Shorter Sleep Duration, Smoking More Prominent in Caregivers

Chronic disease caregivers are more likely to report both risky and health-promoting behaviors than noncaregivers, according to a new study.

Chronic disease caregivers are more likely to engage in both risky and health-promoting behaviors, with longer caregiving hours and providing help with personal care associated with poorer health behaviors. Findings were published recently in the American Journal of Preventive Medicine.

With more than 1 in 5 adults estimated to be caregivers in the United States, the significant time spent caring for a family member/friend with a chronic illness or disability has been associated with emotional and economic hardships.

Moreover, the physical impact of caregiving has been linked with several adverse health behaviors, including lack of regular physical activity, poor dietary habits, and inadequate sleep.

“Overall, studies have yielded mixed associations between caregiving status and health behaviors….the mixed results may reflect differences in measurement, analytic approaches, and sample characteristics, including disease contexts,” noted researchers.

Citing a lack of research on caregivers’ health behaviors by disease context, they conducted a cross-sectional study of pooled 2015-2019 Behavioral Risk Factor Surveillance System data and health behaviors among caregivers of patients with dementia (n = 5525), cancer (n = 4246), chronic obstructive pulmonary disease/emphysema (n = 1959), and diabetes (n = 2853), as well as noncaregivers (n = 203,848).

In the study, caregivers and noncaregivers were compared via regression analyses for caregiving intensity and health behaviors, which included physical activity (aerobic activity and muscle-strengthening), diet (fruit and vegetable consumption), alcohol use, smoking, sleep, and influenza immunization. Caregiving intensity was assessed via 4 measures:

  • Caregiving hours per week (≤ 8 hours, 9-19 hours, 20-39 hours, ≥ 40 hours)
  • Caregiving duration (< 1 month, 1 month to > 6 months, 6 months to < 2 years, 2 years to < 5 years, > 5 years)
  • Providing help with household tasks (yes versus no)
  • Providing personal care (yes versus no)

Secondary aims were to examine the relationships between caregiving intensity and health behaviors and to compare these outcomes between caregivers of patients with dementia and other caregiver groups.

“Caregivers of patients with dementia are hypothesized to report worse health behaviors than other caregiver groups,” said the study authors.

In their findings, all caregiver groups were more likely than noncaregivers to report risky health behaviors, including increased likelihood of smoking (OR, 1.322.20; P < .001) and decreased likelihood of meeting sleep recommendations of 7 hours or more of sleep per night (OR, 0.64-0.74; P < .05).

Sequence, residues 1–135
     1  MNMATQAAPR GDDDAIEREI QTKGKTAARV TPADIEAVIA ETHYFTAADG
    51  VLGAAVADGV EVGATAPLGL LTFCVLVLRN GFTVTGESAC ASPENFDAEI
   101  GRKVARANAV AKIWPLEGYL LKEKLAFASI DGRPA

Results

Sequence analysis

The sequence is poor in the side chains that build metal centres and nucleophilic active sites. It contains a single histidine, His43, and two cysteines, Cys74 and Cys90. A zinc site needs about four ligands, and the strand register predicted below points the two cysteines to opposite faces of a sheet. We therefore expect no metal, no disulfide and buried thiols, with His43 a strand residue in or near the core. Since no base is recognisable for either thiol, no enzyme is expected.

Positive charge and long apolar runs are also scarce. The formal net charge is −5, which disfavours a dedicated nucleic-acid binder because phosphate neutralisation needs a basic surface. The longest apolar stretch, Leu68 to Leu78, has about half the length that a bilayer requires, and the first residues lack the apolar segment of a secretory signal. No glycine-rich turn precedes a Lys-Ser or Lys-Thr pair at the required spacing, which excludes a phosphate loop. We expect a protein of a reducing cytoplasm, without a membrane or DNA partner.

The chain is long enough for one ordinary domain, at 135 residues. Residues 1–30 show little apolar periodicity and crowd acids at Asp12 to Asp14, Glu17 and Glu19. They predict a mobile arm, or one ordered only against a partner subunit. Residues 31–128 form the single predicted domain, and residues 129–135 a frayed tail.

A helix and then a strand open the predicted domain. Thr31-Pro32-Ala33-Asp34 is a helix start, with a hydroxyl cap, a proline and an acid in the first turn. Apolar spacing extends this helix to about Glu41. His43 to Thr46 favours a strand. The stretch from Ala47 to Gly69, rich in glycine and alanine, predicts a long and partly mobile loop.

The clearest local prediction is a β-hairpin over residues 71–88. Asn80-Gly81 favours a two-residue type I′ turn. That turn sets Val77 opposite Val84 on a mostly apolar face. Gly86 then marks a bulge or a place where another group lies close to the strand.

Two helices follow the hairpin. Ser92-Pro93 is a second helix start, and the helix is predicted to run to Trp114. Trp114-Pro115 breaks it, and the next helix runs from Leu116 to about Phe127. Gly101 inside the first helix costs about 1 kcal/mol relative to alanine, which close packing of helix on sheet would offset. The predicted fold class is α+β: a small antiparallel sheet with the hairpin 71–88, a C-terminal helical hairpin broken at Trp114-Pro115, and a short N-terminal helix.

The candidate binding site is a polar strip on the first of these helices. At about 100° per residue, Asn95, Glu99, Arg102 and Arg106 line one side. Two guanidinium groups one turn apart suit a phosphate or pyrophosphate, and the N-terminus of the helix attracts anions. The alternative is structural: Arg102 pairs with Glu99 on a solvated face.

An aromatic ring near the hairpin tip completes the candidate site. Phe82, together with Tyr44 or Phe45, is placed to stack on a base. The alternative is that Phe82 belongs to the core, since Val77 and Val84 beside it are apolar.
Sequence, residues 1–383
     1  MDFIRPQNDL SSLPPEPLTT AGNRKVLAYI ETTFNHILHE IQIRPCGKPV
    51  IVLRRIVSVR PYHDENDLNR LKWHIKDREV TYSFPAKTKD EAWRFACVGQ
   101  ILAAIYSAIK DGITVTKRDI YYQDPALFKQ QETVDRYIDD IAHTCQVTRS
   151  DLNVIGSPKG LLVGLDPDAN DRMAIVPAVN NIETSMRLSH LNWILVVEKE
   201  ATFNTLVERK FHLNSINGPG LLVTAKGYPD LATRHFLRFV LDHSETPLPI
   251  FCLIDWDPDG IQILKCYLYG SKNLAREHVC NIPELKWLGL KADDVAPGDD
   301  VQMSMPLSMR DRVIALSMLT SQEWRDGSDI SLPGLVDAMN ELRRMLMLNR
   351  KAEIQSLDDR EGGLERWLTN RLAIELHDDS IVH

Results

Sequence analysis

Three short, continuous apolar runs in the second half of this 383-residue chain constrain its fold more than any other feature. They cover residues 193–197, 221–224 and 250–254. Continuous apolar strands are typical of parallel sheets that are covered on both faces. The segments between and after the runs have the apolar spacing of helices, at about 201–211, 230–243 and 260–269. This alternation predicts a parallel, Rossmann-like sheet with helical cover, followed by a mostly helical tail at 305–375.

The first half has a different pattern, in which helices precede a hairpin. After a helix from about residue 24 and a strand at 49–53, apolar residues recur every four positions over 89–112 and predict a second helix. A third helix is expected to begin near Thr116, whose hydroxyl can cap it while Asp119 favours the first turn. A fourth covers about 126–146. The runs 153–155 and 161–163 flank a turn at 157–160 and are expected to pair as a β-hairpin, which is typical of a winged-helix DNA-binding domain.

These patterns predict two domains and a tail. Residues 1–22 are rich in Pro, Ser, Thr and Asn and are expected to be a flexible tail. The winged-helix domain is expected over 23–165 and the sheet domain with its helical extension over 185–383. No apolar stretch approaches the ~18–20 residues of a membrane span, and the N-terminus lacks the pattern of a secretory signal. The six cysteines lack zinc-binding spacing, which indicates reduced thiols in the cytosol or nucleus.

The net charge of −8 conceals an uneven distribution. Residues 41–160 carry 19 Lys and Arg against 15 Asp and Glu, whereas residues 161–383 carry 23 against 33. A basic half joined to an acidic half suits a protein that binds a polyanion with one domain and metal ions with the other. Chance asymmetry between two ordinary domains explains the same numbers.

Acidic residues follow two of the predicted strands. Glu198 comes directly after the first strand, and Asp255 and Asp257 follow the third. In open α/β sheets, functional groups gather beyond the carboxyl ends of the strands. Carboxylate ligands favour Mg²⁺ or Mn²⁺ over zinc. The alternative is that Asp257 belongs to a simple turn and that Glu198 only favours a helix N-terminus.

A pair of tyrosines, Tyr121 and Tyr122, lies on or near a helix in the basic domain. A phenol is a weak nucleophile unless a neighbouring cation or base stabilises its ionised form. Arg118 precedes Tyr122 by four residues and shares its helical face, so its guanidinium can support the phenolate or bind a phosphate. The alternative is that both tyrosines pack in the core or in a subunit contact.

Adverse health risks were further exacerbated by greater hours of caregiving per week, in regards to reduced likelihood of meeting muscle-strengthening guidelines (OR, 0.90; P < .05) and meeting nightly sleeping recommendations (OR, 0.86; P < .05), as well as greater likelihood of current smoking (OR, 1.10; P < .05).

Providing help with personal care was also associated with a reduced likelihood of meeting sleep recommendations (OR, 0.74; P < .05) and current smoking (OR, 0.72; P < .01). Caregiving duration and providing help with household tasks were not associated with health behaviors.

Conversely, certain caregiver groups were more likely to adhere to health-promoting behaviors, with caregivers of patients with dementia, cancer, and diabetes found to consume more daily servings of vegetables than noncaregivers (relative risk reduction [RRR], 1.05-1.09; P < .05), and caregivers of patients with dementia more likely to meet dietary recommendations (≥ 5 daily servings of fruit and vegetables) than noncaregivers (OR, 1.22; P < .05).

Regarding alcohol use, binge drinking did not differ between caregiver groups and noncaregivers, with caregivers of patients with dementia cited as the sole group to report less likelihood of heavy drinking than noncaregivers (OR, 0.73; P < .05).

In assessing exercise, all caregivers except for those of patients with diabetes were indicated to be more likely to report meeting aerobic activity recommendations than noncaregivers (OR, 1.20-1.30; P < .05) and caregivers of patients with dementia and cancer were more likely to report meeting muscle-strengthening recommendations than noncaregivers (OR, 1.21-1.35; P < .05).

Influenza immunization in the past 12 months did not differ between caregiver groups and noncaregivers.

“Further research is needed to examine the clusters of health behaviors, identify caregivers at higher risk for poor health behaviors and outcomes, and determine how best to intervene with caregivers across illness contexts,” concluded the study authors.

Reference

Secinti E, Wu W, Kent EE, Denmark-Wahnefried W, Lewson AB, Mosher CE. Examining health behaviors of chronic disease caregivers in the U.S. Am J Prev Med. Published online September 25, 2021. doi:10.1016/j.amepre.2021.07.004